March 3, 2007

    A year has passed since last piece below, now I have a new piano, a remarkable Falcone 6'1" from l988 built by the master builder Santi Falcone in Haverhill MA. I recorded several minutes of improvisations one afternoon to test recording the action and tone quality of the bass; here is the sequence just as it was recorded with no digital enhancements at all.

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    Marchwind 2006

    It is on St. Valentine's day when the birds were supposed to meet and mate, but here in Vermont it is in March when a hundred robins return to my tree, flit around and then disappear to their nesting. I know spring is coming soon if not yet, but now the air is a little softer and that shows in this Marchwind music.

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    Winterchill 2006

    Recorded on an exceptionally bitter Feburary evening in a single sequence, this piece had no intention of being 'program music'. Editing it a few mornings later I felt a chill emanating from the music - - - a blunt frigidity with swirling snow gusts and icicles dripping in the morning sunlight. But this has nothing to do with the music of course.

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    Moods of a Fall Afternoon 2005

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    This was composed on November 2 2005 in a ten minute sequence without breaks, apparently based on a scrap of paper which I found later on the piano, with these varied notions:

           ...... brooding Afternoon
          ...... plaintiff sadness
          ...... echoes on stones ruins
          ...... threat of tutumn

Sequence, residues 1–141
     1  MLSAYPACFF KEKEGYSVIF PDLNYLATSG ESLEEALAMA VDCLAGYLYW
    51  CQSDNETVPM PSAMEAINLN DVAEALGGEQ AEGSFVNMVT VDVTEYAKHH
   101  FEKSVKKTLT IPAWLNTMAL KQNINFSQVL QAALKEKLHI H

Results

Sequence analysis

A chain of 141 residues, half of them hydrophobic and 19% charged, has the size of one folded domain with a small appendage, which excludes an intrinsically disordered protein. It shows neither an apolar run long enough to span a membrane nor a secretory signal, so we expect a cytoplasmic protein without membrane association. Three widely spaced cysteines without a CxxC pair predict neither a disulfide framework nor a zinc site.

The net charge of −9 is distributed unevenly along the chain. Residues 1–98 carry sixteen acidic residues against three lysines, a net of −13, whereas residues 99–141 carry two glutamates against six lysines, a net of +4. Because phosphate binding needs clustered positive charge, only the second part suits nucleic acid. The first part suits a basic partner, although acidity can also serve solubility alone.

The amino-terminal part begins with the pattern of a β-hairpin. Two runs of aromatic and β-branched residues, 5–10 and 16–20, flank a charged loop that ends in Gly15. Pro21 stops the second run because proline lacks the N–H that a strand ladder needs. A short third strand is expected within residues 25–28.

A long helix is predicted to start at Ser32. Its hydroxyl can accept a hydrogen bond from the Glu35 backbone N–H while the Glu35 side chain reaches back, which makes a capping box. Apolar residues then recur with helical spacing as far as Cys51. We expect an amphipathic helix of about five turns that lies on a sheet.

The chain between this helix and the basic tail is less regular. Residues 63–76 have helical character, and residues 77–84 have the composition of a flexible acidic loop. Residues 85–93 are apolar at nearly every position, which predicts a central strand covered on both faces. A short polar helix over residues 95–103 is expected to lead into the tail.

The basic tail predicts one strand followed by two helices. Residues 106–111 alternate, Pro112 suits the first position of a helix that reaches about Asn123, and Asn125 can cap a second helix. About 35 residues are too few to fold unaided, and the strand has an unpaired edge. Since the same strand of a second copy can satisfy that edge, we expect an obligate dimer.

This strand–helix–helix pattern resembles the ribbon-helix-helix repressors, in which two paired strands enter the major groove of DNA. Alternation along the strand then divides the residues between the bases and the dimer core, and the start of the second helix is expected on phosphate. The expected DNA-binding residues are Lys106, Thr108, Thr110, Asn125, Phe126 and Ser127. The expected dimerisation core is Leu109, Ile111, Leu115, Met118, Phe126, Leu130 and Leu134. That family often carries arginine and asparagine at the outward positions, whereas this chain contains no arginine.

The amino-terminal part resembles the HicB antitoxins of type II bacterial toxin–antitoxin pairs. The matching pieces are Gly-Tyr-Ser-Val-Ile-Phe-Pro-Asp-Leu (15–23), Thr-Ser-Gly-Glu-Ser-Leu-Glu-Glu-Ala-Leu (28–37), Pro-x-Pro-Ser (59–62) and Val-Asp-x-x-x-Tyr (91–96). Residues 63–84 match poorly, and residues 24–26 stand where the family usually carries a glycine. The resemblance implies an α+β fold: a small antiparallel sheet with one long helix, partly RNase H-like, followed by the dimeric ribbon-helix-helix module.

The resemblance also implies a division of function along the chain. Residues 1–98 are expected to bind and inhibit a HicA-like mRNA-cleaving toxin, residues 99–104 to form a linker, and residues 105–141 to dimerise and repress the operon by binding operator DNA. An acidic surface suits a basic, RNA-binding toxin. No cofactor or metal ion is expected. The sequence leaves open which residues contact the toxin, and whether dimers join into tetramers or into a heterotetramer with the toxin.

...... a winter chill
           ...... foreboding
           ...... Osiris and Elpis
          ...... forest chorale       [to printout]

    Frantic Impromptu November 2005

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    . . . .from a dream sequence midnight Jan.19th

    Acoustic Textures

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    This was recorded as a single take on a summer afternoon in August 05, as a way of bringing together a variety of sound "textures" which seemed a special part of that day.

    The range was from the [[heavy feeling]] of wet summer heat, then some building (clouds) light at first becoming dense, soon broken by | abrupt | staccato rising figures quickly fading into a chorale of {{ rustling }} cedar branches and finally         after a space         closing with something like ......needle work..... on a rough burlap ground.

    Consider these words a prose-poem of sorts, having little to do with the music, but added here to suggest a sly angles for careful listening.

William Harris
Prof. Em. Middlebury College